July 2006

Pauls Toutonghi

features

An Interview with Charles D'Ambrosio

I spoke with Charles D’Ambrosio via telephone. I was sitting on a bench outside of Atlas Café in Brooklyn, New York; he was somewhere in the untamed wilderness of Iowa City, Iowa, where he is currently a visiting faculty member in fiction.

D’Ambrosio graduated from the Iowa Writer's Workshop in 1991. His book of stories, The Point, was published in 1995 by Little Brown.

His new collection of stories, The Dead Fish Museum, was released by Knopf in April.

You graduated from the Iowa Writers’ Workshop. What’s it like to go back there to teach?

A little strange, in part because I have a lot of respect for the place and for the students who take such a tremendous risk, leaving their normal settled lives and staking it all on writing sentences – and in part because I don’t feel like I have much to say about fiction outside of the fiction that I write.

Since the context of this interview is an online litblog – I was wondering what your opinion was of this emerging part of book culture.

It seems that the field is growing tremendously. A couple of years ago, I went on a mission to sort of look into the possibilities of online literary reviews, of online literary communities. I was astounded by their diversity and breadth. It’s a good thing. The dominant culture –newspapers, television—has totally abandoned book culture but I feel like the conversation has to go on. For some of us, a good many of us, it’s absolutely necessary. And so the world of blogs seems a bit like a black market economy. You know, the official economy is a little inefficient, perhaps, and this secondary economy is emerging as an alternative to the mainstream.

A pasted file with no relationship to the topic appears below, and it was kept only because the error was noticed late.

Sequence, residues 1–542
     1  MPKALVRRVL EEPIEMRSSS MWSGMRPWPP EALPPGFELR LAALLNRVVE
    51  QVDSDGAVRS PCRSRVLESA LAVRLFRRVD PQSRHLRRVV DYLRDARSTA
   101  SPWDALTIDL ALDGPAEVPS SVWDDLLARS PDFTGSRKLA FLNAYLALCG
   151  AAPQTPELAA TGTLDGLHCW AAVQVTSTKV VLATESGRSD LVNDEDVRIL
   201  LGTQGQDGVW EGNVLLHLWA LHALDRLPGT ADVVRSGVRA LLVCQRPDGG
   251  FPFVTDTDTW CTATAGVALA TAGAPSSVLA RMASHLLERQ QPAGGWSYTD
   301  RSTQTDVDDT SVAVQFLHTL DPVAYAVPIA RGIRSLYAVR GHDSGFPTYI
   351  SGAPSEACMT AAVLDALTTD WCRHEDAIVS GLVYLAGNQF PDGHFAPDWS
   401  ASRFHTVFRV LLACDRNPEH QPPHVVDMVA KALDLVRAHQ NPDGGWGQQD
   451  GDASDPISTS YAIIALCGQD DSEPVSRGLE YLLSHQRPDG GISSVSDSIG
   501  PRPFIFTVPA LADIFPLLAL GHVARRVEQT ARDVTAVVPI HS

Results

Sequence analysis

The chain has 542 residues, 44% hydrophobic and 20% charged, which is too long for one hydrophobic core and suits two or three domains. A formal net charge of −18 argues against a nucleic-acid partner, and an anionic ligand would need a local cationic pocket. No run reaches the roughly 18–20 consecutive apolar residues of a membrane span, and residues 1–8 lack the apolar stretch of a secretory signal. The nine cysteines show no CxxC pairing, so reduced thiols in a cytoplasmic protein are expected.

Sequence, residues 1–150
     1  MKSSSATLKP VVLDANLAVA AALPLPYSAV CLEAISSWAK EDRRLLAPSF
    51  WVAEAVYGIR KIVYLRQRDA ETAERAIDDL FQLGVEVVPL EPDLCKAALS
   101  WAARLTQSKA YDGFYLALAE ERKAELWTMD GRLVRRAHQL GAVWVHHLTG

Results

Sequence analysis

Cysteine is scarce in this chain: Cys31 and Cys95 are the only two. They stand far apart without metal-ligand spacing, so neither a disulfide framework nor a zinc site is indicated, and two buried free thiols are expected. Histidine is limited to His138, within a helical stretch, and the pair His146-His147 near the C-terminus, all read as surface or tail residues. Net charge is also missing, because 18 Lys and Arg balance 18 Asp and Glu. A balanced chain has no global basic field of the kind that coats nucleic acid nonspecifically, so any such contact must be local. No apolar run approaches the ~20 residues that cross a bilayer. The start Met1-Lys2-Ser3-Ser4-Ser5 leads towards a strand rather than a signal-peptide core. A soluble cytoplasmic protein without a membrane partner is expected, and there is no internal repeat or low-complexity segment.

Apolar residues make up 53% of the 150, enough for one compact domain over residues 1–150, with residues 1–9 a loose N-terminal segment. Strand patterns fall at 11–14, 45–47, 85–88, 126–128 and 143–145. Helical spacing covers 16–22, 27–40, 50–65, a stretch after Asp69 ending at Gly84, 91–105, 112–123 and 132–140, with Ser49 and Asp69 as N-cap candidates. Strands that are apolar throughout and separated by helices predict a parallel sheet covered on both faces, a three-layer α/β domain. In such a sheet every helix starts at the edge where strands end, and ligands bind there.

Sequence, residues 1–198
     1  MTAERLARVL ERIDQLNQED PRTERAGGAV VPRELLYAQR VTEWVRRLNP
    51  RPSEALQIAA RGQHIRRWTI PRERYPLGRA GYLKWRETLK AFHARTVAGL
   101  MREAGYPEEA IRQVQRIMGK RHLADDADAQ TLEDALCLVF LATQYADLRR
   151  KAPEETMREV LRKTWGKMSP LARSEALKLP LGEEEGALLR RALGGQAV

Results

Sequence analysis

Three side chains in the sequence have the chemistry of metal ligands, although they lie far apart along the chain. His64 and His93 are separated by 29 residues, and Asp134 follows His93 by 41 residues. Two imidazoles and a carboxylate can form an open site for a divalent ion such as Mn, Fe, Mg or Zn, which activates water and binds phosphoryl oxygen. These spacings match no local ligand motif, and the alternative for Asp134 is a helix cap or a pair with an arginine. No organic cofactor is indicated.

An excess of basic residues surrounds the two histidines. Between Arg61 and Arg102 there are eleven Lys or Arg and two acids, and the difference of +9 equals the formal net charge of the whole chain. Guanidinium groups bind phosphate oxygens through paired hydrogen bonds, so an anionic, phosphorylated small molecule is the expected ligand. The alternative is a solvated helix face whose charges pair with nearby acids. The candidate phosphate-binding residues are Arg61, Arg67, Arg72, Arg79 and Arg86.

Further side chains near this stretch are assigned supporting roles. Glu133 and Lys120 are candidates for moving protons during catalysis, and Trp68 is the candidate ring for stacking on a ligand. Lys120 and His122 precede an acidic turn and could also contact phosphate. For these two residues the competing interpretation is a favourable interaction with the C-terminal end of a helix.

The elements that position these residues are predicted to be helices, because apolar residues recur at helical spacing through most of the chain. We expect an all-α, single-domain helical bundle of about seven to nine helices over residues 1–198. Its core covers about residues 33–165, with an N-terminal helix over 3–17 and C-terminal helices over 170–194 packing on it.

I guess in some ways it’s not all that dismaying. Growing up in Seattle, I didn’t really think of literary culture as something that was centered in New York or that required any kind of official sanction whatsoever. I bought my books used for a quarter or fifty cents and then for a dollar I could get the most amazing peanut butter and jelly sandwich from a coffee shop called the Last Exit. Throw in coffee, and for around two dollars you had everything you needed. Maybe a friend or my little brother would show up and we’d talk. I’ve always thought of books and literature that way, a few isolated people who cross paths and discuss work they care passionately about. So, the Internet mirrors that, in a way.

For example, I was just in Ft. Collins, and I met Traver Kauffman out there who has followed my work for quite some time – and who operates a well-respected litblog, Rake’s Progress. I’d never met him face to face, but I knew a lot about his work because of the egalitarian access offered by the internet.

I’d like to talk a bit about your new collection, The Dead Fish Museum. I am biased – I have to admit – I think it is a beautiful book. The stories are funny and sad and carefully-written. But one story stood out from the rest. “The High Divide,” is the first one in the collection. Am I wrong in thinking it varies from the others? It doesn’t use quotation marks, first of all…

I do think that it’s different. And I think that I put it at the beginning of the collection because it might have been jarring or bizarre switch of gears anywhere else and also because I felt the final image pointed the way into the rest of the book.